The majority of works written by Charlotte Perkins Gilman were written as "forceful statements of her opinions on women's need for economic independence and social equality" (151). However, the one story that is considered her artistic masterpiece greatly deviates from her typical fiction. This story, entitled "The Yellow Wallpaper," is a not a feminist statement, but a true work of art; merely an artist using her talent. Current feminist critics have come up with a profusion of in-depth views and symbolism that have altered the way this work is read. After a careful rereading of The "Yellow Wallpaper," it becomes clear that while this is a work of fiction, it is also laced with subliminal symbolism in the story's setting and environments.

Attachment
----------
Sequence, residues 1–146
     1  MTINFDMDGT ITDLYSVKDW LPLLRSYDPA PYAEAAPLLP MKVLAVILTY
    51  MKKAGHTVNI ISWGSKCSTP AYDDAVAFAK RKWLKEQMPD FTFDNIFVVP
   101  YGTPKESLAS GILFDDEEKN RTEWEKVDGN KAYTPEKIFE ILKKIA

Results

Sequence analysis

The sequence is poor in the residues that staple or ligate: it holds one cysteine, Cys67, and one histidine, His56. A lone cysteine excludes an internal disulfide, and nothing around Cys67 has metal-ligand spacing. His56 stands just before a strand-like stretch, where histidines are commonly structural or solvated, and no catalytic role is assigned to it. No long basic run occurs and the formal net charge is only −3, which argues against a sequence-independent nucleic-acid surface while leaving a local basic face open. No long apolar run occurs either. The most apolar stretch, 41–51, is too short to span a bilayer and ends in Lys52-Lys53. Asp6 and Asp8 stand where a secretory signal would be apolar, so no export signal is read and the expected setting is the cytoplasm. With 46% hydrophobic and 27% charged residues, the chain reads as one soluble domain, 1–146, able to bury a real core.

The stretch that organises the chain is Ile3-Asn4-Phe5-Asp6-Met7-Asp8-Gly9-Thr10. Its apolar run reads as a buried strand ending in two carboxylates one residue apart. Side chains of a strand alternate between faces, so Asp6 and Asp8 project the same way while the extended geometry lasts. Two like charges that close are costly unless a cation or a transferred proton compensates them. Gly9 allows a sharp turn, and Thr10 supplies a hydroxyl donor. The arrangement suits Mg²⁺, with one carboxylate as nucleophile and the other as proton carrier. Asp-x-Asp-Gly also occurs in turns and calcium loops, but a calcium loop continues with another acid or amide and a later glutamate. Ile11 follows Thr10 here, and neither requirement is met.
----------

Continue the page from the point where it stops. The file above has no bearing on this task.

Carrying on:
When reading "The Yellow Wallpaper", a reader cannot miss noticing the importance of the setting in which the action takes place. The author's intent is to focus the reader's attention into the story in a gradual manner; in this way, the unusual events presented later on will produce a greater impression on the reader. In addition, setting is a strategy for the author to introduce symbols in the text, symbols that are not obvious to decipher at the first read. As an expert on symbolism in human culture, Carl Jung writes in Man and His Symbols: "Thus a word or an image is symbolic when it implies something more than it's obvious and immediate meaning. It has a wider "unconscious" aspect that is never precisely defined or fully explained" (Jung 20). These symbols represent Gilman's view on the status of women in the patriarchal society of the nineteenth century. Views that were so shocking for those times that their direct unveiling may have led to strong criticism and perhaps the exclusion of publishing the story. This effect is created with a combination of several techniques. The most prominent and easiest to observe is the manipulation of setting.